A personal loan can be a lifesaver. But what if you realize you should have taken out more than you did? In most cases, you can’t increase your loan after the fact. However, you may be able to take out a second personal loan.
If you want or need to borrow more, we’ll review your options, their pros and cons, and some alternatives to borrowing.
What if You Want to Borrow More in Personal Loans
If you’ve already taken out a loan but need additional funds, you might be wondering if you can add to your existing personal loan. In most cases, the answer is no. You can’t increase your loan amount, but you may be able to apply for a second loan. Technically, there’s no limit to how many personal loans you can have.
Lenders may approve a second or third loan if the borrower has paid off part of the first loan and has a history of on-time repayment. In some cases, you need to have made at least three consecutive scheduled payments on your existing loan.
To help your chances of getting approved for a new loan, it helps to understand the general process.
Considerations Before Applying for a New Personal Loan
If you’re looking into adding to an existing personal loan, you’re probably already familiar with the basics. While there are different types of personal loans, they all typically have lower interest rates than credit cards. According to the Federal Reserve, the average APR for personal loans was 8.73% as of September 2022, compared to the typical credit card interest rate of 16.65%.
Common uses for personal loans include covering medical bills, paying for home repairs, and consolidating debt. Plus, personal loans are widely available from a variety of sources, from banks and online lenders to credit unions and nonprofits.
But debt is still debt. Increasing debt can have negative consequences: lowering your credit score, raising your risk of defaulting, and adding to general financial stress. Plus, loans come with interest that accrues over time, so you are paying more for the borrowed money over the life of your loan. The last thing you want to do is dig yourself into a deeper financial hole.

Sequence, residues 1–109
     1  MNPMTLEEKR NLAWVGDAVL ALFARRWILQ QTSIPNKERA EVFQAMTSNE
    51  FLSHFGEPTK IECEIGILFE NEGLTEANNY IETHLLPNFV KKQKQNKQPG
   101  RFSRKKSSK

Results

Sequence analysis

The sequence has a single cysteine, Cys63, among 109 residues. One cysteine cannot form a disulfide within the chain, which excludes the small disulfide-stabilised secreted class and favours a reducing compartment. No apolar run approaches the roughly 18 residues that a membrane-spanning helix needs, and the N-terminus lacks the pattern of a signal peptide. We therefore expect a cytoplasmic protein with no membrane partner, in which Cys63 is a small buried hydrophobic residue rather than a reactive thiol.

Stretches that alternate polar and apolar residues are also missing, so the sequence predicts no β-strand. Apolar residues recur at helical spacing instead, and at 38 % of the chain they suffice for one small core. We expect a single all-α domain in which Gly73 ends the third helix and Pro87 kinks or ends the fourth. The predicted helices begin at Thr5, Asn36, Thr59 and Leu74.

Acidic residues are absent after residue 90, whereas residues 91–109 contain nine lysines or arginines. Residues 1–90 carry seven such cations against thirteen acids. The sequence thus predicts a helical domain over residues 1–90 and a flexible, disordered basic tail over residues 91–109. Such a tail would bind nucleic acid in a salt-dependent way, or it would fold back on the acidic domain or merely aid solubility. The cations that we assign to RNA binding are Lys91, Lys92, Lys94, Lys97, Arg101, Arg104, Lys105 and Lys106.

Before you take out another loan, take a step back and consider whether you truly need to borrow the money. Ask yourself:
• Can you save for your goal by trimming expenses or taking on a side hustle?
• Can you work on paying off your existing debt first?
Applying for a New Personal Loan
Of course, we’d all like to have enough savings in the bank to cover a major expense. But reality is complicated and emergencies are, by definition, hard to plan for. (Hello, surprise medical bills!)
If you’ve decided that borrowing makes sense for you, it’s possible to apply for an additional personal loan. A personal loan calculator can help you find out what interest rate and term options you may qualify for. Generally, shopping around for a loan requires only a soft credit inquiry, which doesn’t affect your credit score.
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Applying with a Co-Applicant
In some cases, you may realize that your existing debt is making it hard to qualify for a new loan. But you still have another option: You may be able to re-apply with a co-applicant. If the co-applicant has a strong credit history and income, you may be able to obtain a loan or qualify for a lower interest rate together.
Once you receive the loan, both you and the co-applicant (who typically becomes the co-borrower) will be responsible for paying it off. That means if you fail to live up to your agreement in making payments, the other can be held responsible for the full amount of the loan. A co-borrower typically can’t be removed from the loan unless they die or you pay the loan off entirely.
If you still don’t qualify, the biggest help for qualifying in the future might be time. Building up a history of making debt payments on schedule, paying down other debt, and increasing your income via a new job or side gig can all turn things around.
Recommended: Getting a Personal Loan with a Co-Applicant
In most cases, borrowers can’t add to an existing personal loan. However, you may be able to apply for a second loan. Eligibility requirements vary by lender, but in some cases you need to have made several consecutive on-time payments before applying for a new loan. Whenever possible, borrowers should look into cutting back on expenses or trying to increase income before taking on more debt.
SoFi Relay can help you keep track of your budget while you’re paying off debt. If you’re looking to apply for a personal loan, consider checking out the options available at SoFi. SoFi personal loans have absolutely no fees — no origination fees, no prepayment fees, and no late fees.
Financial Tips & Strategies: The tips provided on this website are of a general nature and do not take into account your specific objectives, financial situation, and needs. You should always consider their appropriateness given your own circumstances.
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